Holm creates artifacts from a world where humans have long since disappeared and new forms of life have gained foothold upon the discarded architecture of our present civilization. Materials for these works begin as present day discards, leftovers, and forgotten flotsam. In this discordant utopia only traces of the human race remain, and the collected detritus merges into beautiful new life forms and complex ecosystems. Transistor tubes create a bustling hive within an ancient bureau. A turntable is brought back to life nestled into a woven nest. The humble umbrella, the modest stapler, the iconic vinyl record, and the crushed carcass of a Chevy Impala are engraved into rusting fossils that lovingly display the crumpled inventiveness of human ingenuity. As a whole, Holm’s sculptures and flat work generate glimpses of a future where the boundary between man-made and nature-made has dissolved into a family of hybrid organisms and abandoned relics.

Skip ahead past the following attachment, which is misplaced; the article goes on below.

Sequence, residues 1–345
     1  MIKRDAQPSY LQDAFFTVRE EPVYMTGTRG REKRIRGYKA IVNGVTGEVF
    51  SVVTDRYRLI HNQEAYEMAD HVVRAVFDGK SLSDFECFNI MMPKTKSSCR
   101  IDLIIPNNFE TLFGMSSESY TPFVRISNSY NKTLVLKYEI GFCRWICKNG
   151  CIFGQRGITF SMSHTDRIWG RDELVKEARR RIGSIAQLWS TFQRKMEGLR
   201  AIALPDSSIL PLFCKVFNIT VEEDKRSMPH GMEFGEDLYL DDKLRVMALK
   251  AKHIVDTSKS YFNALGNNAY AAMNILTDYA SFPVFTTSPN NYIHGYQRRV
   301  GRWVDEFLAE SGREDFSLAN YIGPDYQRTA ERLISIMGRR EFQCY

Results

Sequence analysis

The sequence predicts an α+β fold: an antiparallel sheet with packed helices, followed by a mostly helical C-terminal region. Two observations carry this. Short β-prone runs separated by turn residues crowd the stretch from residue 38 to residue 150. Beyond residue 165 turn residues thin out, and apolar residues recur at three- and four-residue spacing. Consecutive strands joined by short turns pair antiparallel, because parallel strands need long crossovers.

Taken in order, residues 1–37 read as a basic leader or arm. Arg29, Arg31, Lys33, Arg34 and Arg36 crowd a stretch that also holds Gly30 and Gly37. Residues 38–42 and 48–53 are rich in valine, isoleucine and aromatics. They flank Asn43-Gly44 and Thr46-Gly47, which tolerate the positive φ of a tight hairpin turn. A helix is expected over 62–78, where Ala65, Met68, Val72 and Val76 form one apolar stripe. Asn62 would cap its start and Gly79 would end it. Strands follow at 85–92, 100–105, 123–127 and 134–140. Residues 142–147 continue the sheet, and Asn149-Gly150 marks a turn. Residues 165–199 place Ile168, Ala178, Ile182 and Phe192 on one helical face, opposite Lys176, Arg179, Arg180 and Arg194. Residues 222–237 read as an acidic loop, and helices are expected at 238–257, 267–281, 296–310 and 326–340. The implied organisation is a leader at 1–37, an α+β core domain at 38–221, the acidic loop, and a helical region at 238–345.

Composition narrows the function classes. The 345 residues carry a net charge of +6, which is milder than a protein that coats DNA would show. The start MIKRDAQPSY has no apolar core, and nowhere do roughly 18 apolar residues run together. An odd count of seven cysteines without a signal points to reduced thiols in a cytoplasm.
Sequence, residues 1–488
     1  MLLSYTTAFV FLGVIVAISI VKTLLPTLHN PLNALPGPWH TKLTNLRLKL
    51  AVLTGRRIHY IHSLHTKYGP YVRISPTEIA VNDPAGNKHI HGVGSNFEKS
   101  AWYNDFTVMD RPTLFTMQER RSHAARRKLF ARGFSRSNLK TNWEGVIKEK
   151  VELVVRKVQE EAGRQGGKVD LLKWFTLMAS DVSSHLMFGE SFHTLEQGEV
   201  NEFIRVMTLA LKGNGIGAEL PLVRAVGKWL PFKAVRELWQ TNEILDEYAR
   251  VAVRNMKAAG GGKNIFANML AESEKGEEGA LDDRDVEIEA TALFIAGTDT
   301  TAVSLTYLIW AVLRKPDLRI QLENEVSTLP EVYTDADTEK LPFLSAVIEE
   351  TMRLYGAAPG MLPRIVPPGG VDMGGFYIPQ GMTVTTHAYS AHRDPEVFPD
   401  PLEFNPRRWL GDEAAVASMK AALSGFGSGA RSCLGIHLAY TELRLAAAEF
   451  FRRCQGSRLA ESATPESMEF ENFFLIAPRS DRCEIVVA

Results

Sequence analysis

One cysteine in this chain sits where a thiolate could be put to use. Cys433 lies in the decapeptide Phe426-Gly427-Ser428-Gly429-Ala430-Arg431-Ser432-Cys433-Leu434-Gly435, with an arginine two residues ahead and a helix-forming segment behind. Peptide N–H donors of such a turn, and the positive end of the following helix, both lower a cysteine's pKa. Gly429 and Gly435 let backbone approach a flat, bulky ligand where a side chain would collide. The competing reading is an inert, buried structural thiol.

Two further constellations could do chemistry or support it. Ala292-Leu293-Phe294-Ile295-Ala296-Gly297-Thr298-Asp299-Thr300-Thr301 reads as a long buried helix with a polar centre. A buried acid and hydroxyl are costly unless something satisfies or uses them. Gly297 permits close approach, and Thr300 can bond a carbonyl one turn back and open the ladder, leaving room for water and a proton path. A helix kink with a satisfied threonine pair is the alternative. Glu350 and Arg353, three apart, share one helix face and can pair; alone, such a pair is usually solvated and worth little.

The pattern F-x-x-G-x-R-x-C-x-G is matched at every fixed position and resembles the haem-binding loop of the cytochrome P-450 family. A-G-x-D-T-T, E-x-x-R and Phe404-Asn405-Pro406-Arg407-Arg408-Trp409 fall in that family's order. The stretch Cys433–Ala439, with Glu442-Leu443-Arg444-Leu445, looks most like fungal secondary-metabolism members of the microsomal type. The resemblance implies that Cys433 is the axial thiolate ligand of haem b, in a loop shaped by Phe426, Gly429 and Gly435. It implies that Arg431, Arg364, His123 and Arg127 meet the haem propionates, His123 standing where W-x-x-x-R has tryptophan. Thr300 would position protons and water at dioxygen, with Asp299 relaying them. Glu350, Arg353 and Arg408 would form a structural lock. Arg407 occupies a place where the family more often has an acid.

Holm earned his BFA in Sculpture from UC Santa Cruz and graduated with honors as an Irwin Scholar. After graduating he moved to Oakland to continue the investigation into large scale installations and interactive sculptures. Collaborations and have included events with Peabody Award winning journalists The Kitchen Sisters, and Poet Laureate W.S. Merwin. Holm has performed at the SFMOMA, The California Academy of Sciences, and recently screened a short film at the Walker Art Center in Minneapolis. He continues to live and works in Oakland, Ca.